Reverse Flow in Turbidity Currents: The Role of Internal Solitons
- Dorrik A. V. Stow
Published Online: 29 APR 2009
Copyright © 1992 The International Association of Sedimentologists
Deep-Water Turbidite Systems
How to Cite
Pantin, H. M. and Leeder, M. R. (1991) Reverse Flow in Turbidity Currents: The Role of Internal Solitons, in Deep-Water Turbidite Systems (ed D. A. V. Stow), Blackwell Publishing Ltd., Oxford, UK. doi: 10.1002/9781444304473.ch7
Department of Geology, University of Southampton, UK
- Published Online: 29 APR 2009
- Published Print: 11 NOV 1991
Print ISBN: 9780632032624
Online ISBN: 9781444304473
- reverse-flow units;
- thick-bedded calcareous wacke;
- probable nature of primary turbidity flow;
- sediment concentration;
- rate of momentum loss of the flow
Pickering & Hiscott, (1985) have demonstrated amply the presence of reverse-flow units within the thick-bedded calcareous wacke (TCW) beds of the turbiditic Cloridorme Formation (Middle Ordovician, Gaspé Peninsula, Quebec, Canada). These reverse-flow units are underlain and overlain by units which reveal flow in the primary (obverse) direction.
In this paper, a model is proposed for this reverse flow, based on the probable nature of the primary turbidity flow. It appears that the initial flow was highly elongated (thickness h < < length L), with h ≈ 500 m, velocity U ≈ 2 m s−1 and sediment concentration C ≈ 1.25 ‰. The rate of momentum loss of the flow is estimated by means of a useful parameter which we call the ‘drag distance’, symbol dD, defined by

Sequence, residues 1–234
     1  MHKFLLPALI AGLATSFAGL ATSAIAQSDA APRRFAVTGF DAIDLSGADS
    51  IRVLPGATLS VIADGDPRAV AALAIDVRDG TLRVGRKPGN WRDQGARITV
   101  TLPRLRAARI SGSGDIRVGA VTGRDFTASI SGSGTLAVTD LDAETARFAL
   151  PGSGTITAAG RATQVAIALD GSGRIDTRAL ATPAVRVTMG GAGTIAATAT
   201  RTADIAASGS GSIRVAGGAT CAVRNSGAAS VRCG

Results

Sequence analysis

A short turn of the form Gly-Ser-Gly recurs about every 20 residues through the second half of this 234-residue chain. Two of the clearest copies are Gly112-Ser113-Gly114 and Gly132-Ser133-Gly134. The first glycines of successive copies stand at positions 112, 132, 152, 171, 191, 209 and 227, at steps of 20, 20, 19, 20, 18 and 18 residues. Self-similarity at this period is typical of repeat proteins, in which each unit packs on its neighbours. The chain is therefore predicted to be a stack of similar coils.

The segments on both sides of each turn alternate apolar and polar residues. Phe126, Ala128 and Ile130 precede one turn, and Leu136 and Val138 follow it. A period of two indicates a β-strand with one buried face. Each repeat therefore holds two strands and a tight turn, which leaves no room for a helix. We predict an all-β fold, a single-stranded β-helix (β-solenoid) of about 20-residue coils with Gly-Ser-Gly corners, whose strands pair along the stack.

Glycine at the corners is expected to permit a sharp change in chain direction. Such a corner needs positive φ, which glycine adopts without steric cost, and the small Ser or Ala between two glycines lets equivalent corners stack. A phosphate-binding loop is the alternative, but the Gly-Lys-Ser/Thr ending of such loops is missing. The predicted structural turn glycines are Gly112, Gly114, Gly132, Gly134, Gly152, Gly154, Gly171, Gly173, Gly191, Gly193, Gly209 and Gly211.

dD = hL/(L.cCd + h.fCd),
where h and L are the thickness and length of the flow, respectively; cCd is a combined drag coefficient representing friction on the bottom and at the upper interface; and fCd is a form-drag coefficient related to the shape and size of the head. dD is the distance travelled by a current of constant h and L, flowing over a horizontal bottom and obeying a quadratic friction law, for an e-fold reduction in velocity.
Simple considerations, confirmed by our own experiments (described in this paper), show that such an elongated turbidity current cannot be reflected as a whole from an adverse slope; when the nose of the current reaches the slope, it forms a hump, which surges backwards and sooner or later breaks up into a series of internal solitons. The latter, probably numbering 4–7, will cause reverse flow at a given point as they pass by, provided that the residual velocity in the tail is not too great. Flow in the original (obverse) direction will be re-established after the passage of the solitons. Quiescent periods in front of, between and behind the solitons, when soliton-associated currents cancelled out the residual obverse flow, would allow the deposition of thin mud-drapes.
Additional flow reversals observed in a few of the TCW beds cannot be explained readily by the re-passage of solitons, since wave breaking at the ends of the basin would cause massive energy loss; internal seiches are the preferred explanation for these later reversals.